To many, orphan care conjures up calm, beautiful pictures of smiling children being fed and cared for and loved. Once we bring these sweet children into a home where they are loved and safe, it can’t help but go well from there, can it?

It turns out that it can. 

Everyone has heard the stories: Romanian orphans who have “lost” the ability to love, the foster kid who acts out so severely that he’s been bounced from home to home to home. 

My first exposure to this idea was in Anne of Green Gables. When Marilla tells her neighbor, Rachel Lynde, in the first chapter of the book that she and her brother plan on adopting a boy to help on the farm, her neighbor is shocked. She tries to talk Marilla out of it and when she realizes that it isn’t possible, she leaves Marilla with one last word. “Only don’t say I didn’t warn you if he burns Green Gables down or puts strychnine in the well—I heard of a case over in New Brunswick where an orphan asylum child did that and the whole family died in fearful agonies.” 

This picture always made my blood boil as a child. Rachel wasn’t meant to be a kind and considerate character, but this crossed a line. How dare she talk about those helpless kids that way!

As I grew older and learned more about orphan care, I began to hear more and more stories that destroyed the Annie Facade. These stories paint a very different picture of what we believe orphan care should look like. Why is it hard? 

If orphan care is God’s heart and adoption is a beautiful picture of the grace of our Lord (and I believe both of those things whole-heartedly), why can the road be so bumpy and sometimes straight-up painful?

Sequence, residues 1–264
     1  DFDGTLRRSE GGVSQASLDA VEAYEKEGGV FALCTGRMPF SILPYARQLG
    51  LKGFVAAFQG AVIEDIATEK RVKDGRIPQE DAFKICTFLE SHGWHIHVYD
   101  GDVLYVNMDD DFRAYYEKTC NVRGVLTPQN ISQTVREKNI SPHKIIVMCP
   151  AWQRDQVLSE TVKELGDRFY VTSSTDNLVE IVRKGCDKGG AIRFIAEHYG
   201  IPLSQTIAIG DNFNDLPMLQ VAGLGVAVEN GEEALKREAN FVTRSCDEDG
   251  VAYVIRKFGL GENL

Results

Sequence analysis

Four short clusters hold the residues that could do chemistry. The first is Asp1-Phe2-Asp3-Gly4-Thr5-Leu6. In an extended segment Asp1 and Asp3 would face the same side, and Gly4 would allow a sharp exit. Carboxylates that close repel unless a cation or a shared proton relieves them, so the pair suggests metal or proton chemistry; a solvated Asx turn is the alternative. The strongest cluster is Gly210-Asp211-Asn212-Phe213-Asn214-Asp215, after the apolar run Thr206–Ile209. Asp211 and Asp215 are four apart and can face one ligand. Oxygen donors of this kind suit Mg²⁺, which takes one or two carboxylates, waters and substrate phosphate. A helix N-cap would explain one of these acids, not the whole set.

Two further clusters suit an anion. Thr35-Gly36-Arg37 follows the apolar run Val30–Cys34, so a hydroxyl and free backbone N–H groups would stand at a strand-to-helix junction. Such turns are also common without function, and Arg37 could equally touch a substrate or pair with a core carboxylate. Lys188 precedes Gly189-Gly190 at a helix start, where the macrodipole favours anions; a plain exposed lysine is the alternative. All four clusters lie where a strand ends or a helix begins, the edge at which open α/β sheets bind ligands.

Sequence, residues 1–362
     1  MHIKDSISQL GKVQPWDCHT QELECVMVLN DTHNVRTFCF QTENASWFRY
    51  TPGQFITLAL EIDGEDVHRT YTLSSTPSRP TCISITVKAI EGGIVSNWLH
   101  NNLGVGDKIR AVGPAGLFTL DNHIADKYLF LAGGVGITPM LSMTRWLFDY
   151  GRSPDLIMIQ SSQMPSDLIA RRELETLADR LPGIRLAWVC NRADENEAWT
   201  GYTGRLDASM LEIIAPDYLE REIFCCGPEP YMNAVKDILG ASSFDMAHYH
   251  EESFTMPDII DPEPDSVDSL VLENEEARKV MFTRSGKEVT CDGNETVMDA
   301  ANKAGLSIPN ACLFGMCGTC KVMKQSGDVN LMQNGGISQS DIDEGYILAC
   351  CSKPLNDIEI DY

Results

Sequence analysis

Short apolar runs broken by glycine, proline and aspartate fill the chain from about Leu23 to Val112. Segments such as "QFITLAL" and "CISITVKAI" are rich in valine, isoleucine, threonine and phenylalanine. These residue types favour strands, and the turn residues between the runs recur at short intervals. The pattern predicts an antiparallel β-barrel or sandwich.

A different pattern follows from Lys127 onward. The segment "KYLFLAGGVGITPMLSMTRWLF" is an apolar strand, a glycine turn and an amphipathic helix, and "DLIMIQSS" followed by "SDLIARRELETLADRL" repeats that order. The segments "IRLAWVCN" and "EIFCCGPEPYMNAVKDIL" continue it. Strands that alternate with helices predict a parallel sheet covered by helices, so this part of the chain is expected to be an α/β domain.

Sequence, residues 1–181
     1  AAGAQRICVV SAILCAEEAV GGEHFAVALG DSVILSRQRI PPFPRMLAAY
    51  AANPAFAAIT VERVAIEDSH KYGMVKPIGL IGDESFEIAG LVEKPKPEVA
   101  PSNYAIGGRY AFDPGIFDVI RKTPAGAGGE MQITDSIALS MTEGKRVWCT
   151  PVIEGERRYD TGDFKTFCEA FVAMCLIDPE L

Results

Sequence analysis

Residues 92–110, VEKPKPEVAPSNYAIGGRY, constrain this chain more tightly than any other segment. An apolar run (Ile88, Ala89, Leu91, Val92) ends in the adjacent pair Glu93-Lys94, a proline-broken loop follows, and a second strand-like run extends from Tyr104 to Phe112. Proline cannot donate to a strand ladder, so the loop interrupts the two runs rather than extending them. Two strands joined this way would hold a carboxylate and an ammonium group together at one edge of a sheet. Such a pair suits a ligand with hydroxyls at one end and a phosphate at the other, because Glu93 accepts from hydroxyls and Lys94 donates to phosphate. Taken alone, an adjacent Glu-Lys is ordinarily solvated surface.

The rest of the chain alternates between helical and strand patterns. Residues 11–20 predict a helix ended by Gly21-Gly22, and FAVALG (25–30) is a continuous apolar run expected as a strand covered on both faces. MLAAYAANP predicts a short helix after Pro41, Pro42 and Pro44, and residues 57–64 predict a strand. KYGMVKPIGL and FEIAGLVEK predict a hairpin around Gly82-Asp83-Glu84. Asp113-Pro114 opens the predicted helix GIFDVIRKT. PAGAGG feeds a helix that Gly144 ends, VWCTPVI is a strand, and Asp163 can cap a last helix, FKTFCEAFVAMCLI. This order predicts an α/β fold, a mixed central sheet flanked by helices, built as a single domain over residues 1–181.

Love is beautiful and important, but those three little words that warm our hearts can’t immediately erase the effect of in-utero exposure to stress or toxins, abandonment, or years of trauma. 

Children who are raised in difficult environments have larger amygdales and smaller prefrontal cortexes, meaning that the fear center that operates one’s “fight or flight” response, does more work than it should, while the reasoning part of their brain struggles. This was a necessity for the children who grew up in desperate and dangerous circumstances. However, once the children are in safe and stable environments, the behaviors that used to be crucial for the child’s survival become frustrating and disruptive.

Does that give us an excuse not to care for these children? Certainly not. God has not given up on us, even though we rebel and scorn his grace over and over again. If a perfect God still loves us when we treat Him so poorly, how much more are we, as imperfect, selfish, prideful beings to help those who the world has cast away? 

While God doesn’t call everyone to adopt or to work for orphan care ministries, every person in His church is called to care for the orphan in some way or another. See James 1:27, Psalm 82:3, Deuteronomy 14:28-29, Jeremiah 7:5-7 if you’re not sure. 

Radical love is part of God’s heart and we are called to pursue His heart relentlessly.

God bless,
Michaela Shake


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